A new variant of LockBit ransomware has been discovered that comes with automated encryption of a Windows domain. The newly discovered LockBit 2.0 ransomware has multiple advanced features and is now abusing the Active Directory group policies.
The LockBit ransomware operation has been active since September 2019 and, after ransomware topics were banned on hacking forums, the attackers started advertising the new LockBit 2.0 RaaS.
LockBit 2.0 has numerous features used in the past by other ransomware operations.
One of its unique features includes automated ransomware distribution via Windows domains without using scripts.
Whenever the ransomware is executed, it creates new group policies on the domain controller. These policies are then applied to every possible device on the targeted network.
Moreover, new policies disable Defender's real-time protection, alerts, sample submission to Microsoft, and default actions needed for detected malicious files.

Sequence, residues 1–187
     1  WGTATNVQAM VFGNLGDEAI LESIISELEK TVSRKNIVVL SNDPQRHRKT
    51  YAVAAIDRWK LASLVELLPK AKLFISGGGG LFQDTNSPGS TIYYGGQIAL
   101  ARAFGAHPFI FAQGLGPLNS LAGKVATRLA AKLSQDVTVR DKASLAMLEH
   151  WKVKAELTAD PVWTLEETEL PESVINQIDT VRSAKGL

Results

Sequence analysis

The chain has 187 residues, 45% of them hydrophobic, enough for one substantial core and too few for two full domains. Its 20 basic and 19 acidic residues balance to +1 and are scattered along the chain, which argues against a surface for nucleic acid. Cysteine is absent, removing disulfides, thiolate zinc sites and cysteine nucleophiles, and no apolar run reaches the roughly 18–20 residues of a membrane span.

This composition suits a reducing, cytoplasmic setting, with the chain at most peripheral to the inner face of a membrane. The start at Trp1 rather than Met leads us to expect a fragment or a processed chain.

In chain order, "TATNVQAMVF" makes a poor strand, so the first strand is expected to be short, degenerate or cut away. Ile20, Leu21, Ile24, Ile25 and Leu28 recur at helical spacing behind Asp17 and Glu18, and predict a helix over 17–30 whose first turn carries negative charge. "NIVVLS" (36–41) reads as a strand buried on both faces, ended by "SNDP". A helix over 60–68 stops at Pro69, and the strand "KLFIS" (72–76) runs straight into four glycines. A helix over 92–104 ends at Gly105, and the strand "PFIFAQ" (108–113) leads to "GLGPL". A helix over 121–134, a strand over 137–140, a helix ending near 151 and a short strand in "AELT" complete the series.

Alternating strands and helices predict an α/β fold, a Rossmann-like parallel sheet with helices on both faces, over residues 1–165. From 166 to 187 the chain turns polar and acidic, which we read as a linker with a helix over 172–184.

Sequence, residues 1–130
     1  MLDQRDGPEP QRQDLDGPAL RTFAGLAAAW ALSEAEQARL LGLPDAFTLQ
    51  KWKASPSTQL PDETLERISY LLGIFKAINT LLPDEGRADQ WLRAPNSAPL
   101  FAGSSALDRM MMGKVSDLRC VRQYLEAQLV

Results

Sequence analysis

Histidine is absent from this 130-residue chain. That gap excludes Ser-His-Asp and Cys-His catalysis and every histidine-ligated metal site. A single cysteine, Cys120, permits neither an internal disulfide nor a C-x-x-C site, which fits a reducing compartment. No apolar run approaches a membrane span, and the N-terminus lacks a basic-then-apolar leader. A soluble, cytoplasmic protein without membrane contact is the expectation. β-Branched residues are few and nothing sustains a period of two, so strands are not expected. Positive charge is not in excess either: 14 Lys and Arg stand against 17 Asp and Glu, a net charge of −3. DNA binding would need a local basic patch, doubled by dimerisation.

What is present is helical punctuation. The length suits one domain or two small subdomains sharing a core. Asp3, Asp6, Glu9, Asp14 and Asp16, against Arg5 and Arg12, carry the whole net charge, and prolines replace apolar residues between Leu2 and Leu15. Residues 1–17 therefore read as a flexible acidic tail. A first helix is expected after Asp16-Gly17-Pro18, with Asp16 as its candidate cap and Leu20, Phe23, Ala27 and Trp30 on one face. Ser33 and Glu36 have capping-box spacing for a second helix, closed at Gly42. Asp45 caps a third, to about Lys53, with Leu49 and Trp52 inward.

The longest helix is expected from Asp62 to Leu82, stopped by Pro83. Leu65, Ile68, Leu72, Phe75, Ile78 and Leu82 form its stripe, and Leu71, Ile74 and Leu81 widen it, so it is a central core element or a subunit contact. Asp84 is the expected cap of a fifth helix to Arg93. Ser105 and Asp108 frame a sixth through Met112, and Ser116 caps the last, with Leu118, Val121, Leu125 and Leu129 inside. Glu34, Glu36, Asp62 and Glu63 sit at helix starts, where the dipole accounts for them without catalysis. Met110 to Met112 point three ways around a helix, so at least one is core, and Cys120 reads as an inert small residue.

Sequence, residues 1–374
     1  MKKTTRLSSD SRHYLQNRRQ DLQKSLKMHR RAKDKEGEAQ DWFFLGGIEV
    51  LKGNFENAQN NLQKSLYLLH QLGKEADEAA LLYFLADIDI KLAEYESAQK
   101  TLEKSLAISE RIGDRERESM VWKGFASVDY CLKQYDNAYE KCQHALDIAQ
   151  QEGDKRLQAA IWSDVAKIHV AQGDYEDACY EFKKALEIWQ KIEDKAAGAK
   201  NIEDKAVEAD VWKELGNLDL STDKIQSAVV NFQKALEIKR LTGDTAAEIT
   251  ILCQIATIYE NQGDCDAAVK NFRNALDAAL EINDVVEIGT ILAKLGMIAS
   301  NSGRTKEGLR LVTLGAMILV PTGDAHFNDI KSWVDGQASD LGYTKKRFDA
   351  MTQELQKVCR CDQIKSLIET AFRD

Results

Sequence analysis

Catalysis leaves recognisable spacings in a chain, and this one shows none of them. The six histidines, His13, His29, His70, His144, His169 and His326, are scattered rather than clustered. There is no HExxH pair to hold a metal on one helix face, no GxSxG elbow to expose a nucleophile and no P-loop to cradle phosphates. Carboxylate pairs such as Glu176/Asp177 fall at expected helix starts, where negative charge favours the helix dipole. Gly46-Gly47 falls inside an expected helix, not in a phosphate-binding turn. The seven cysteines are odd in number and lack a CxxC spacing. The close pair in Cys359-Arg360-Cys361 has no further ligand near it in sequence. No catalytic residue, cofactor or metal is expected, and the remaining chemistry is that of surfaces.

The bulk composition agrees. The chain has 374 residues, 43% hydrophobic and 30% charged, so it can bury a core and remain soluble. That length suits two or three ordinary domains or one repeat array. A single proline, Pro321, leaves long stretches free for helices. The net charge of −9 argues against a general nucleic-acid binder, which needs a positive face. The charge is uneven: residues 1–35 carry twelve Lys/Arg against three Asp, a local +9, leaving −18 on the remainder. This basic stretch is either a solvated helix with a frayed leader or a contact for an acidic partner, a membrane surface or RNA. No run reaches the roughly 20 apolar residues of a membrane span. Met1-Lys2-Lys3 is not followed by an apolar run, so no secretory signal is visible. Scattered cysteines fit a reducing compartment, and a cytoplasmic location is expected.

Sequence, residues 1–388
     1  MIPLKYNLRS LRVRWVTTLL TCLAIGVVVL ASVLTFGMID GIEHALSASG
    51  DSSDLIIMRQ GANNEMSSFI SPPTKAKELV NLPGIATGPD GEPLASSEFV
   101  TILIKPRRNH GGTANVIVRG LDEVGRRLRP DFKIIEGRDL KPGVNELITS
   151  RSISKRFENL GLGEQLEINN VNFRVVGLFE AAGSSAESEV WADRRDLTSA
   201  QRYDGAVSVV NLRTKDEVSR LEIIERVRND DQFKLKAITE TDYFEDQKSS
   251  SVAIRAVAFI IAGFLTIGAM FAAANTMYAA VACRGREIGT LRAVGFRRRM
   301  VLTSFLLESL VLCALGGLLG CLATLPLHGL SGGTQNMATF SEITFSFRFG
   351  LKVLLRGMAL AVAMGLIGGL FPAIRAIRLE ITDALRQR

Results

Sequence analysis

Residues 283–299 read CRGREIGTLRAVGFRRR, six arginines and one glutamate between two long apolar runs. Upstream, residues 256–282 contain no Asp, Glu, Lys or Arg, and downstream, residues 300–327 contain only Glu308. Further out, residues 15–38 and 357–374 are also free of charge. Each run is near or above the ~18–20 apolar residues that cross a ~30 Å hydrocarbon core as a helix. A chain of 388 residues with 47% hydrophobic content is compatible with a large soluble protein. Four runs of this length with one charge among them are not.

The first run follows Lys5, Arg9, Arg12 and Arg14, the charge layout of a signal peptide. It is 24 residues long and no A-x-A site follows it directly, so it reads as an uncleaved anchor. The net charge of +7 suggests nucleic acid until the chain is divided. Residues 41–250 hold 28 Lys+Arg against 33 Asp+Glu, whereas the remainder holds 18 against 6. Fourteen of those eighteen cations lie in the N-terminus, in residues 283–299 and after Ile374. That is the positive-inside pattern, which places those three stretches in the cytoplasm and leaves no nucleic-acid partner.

The new variant creates other group policies such as the creation of scheduled tasks on Windows systems to execute ransomware. Subsequently, a specific command is sent to update the group policy for all the machines in the Windows domain.
During the policy update process, the ransomware uses Windows Active Directory APIs to carry out LDAP queries against the domain controller's ADS to identify all the computers on the network.
By using this list, the ransomware .exe file is copied to every desktop and the scheduled task is configured by group policies to run the ransomware using the UAC bypass.
It helps actors run ransomware in the background without encrypting any outward alert.
Additionally, the LockBit 2.0 ransomware now comes with a feature used by the Egregor Ransomware operation previously. This feature involves print-bombing ransom notes to all the networked printers.
LockBit 2.0 ransomware has added a unique approach of exploiting active directory domain controllers to propagate their malware. Further, it uses built-in updating global policy and has capabilities to disable the anti-malware solution of Windows systems. This indicates that the Lockbit developers are well versed with Windows OS and are leaving no stone unturned to target users.